Merlin Sheldrake is an English biologist.
- All page numbers are from the hardcover first edition published by Random House ISBN 978-0-525-51031-4, fifth printing
- The impact of fungal diseases is increasing across the world: Unsustainable agricultural practices reduce the ability of plants to form relationships with the beneficial fungi on which they depend. The widespread use of antifungal chemicals has led to an unprecedented rise in new fungal superbugs that threaten both human and plant health.
- Introduction, “What is it Like to be a Fungus?” (p. 8)
- Tricked out of our expectations, we fall back on our senses. What’s astonishing is the gulf between what we expect to find and what we find when we actually look.
- Introduction, “What is it Like to be a Fungus?” (pp. 14-15)
- The more of their surroundings that hyphae can touch, the more they can consume. The difference between animals and fungi is simple: Animals put food in their bodies, whereas fungi put their bodies in the food.
- Chapter 2, “Living Labyrinths” (p. 51)
- It is no longer possible to conceive of any organism—humans included—as distinct from the microbial communities they share a body with.
- Chapter 3, “The Intimacy of Strangers” (p. 91)
- The success of this approach depends on the ecological fit. Poorly matched mycorrhizal species might do more harm to plants than good. Worse, introducing opportunistic fungal species to new environments might displace local fungal strains with unknown ecological consequences. It is a fact not always taken into account by the fast-growing industry of commercial mycorrhizal products, often marketed as one-size-fits-all quick fixes. As in the ballooning market for human probiotics, many of the microbial strains sold are selected not because they are particularly suitable but because they are easy to produce in manufacturing facilities.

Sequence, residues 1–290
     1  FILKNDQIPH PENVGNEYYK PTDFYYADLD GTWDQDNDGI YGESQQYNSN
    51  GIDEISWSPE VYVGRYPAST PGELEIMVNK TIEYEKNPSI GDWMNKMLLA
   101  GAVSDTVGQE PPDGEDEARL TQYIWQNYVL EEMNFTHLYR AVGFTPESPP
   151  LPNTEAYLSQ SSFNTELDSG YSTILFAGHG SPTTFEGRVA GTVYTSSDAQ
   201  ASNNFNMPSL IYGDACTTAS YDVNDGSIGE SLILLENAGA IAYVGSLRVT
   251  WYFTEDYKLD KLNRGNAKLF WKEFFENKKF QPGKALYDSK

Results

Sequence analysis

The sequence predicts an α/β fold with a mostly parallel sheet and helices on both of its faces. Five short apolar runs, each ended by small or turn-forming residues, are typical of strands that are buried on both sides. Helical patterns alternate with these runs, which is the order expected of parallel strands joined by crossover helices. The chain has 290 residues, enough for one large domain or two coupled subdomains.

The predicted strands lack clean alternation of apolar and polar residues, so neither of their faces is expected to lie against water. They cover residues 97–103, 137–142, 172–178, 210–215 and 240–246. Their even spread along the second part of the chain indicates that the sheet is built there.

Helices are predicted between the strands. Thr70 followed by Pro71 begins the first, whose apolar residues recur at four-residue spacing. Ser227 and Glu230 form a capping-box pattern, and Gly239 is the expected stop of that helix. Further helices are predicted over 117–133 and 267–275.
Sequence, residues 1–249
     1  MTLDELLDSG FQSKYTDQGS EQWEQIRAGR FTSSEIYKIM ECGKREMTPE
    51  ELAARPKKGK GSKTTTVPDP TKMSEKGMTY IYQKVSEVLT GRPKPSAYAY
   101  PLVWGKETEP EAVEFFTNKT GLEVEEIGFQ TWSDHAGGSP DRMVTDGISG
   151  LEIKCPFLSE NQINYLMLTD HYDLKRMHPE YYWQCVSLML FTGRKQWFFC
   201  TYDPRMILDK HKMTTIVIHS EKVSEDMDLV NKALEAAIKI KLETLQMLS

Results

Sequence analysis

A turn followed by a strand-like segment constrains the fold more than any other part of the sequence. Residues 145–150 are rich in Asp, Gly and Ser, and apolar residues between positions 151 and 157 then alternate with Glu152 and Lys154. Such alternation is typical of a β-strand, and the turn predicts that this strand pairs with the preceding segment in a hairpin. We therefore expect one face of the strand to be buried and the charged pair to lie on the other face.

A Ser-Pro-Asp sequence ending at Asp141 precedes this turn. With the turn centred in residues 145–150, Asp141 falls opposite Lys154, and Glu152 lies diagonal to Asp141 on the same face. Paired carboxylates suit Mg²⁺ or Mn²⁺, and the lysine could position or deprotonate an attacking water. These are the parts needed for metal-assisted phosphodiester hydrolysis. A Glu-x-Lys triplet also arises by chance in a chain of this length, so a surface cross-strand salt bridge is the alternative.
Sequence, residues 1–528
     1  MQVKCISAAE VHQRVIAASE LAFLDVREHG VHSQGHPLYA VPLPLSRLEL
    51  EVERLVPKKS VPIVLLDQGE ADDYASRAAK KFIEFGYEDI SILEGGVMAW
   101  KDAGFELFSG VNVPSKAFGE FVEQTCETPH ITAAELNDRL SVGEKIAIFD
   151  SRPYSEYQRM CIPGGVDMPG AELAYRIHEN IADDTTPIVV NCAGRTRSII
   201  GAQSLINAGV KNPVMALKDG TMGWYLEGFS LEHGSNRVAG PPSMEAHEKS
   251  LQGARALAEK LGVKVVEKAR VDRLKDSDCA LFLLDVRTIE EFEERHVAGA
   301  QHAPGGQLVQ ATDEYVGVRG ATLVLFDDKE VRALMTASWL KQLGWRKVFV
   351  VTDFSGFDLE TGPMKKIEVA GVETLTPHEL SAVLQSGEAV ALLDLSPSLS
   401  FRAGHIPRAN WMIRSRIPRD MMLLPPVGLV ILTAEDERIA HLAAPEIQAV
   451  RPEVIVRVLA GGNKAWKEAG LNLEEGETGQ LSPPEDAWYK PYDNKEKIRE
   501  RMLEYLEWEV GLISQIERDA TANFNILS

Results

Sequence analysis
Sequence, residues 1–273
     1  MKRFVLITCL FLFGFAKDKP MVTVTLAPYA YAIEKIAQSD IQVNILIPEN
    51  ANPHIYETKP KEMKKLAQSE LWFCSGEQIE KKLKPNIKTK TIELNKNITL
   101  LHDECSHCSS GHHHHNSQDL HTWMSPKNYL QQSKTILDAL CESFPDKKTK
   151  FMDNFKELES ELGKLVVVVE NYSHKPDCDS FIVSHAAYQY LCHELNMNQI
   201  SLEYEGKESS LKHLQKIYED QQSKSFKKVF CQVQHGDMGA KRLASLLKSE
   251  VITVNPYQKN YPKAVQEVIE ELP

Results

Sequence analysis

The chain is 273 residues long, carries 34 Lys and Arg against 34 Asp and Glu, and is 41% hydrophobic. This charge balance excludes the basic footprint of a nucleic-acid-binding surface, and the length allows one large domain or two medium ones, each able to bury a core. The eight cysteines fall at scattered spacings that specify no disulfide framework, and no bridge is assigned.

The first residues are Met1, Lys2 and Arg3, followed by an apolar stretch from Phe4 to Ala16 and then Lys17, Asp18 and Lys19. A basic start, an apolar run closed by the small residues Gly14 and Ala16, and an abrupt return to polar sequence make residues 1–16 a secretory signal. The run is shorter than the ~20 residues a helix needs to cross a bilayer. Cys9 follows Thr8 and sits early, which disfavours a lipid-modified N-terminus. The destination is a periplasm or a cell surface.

- Chapter 5, “Before Roots” (p. 146)
- It is in part these properties of a network—known as “scale-free” properties—that allow diseases, news, and fashions to cascade rapidly through populations. It is the same scale-free properties of a shared mycorrhizal network that might allow a young plant to survive in a heavily shaded understory, or infochemicals to ripple out across a stand of trees in a forest. “A young seedling will quickly become tied up within a complex, interwoven, and stable network,” Beiler explained. “You would expect this to increase its chances of survival and increase the resilience of the forest.” But only up to a point. It is the same scale-free properties that make a wood wide web vulnerable to targeted attacks. Eliminate Google and Amazon and Facebook overnight or shut down the three busiest airports in the world, and you’ll cause havoc. Selectively remove large hub trees—as many commercial logging operations do in an effort to extract the most valuable timber—and serious disruption will ensue.
- Chapter 6, “Wood Wide Webs” (pp. 169-170)
- Fermentation is domesticated decomposition—rot rehoused.
- Chapter 8, “Making Sense of Fungi” (p. 206)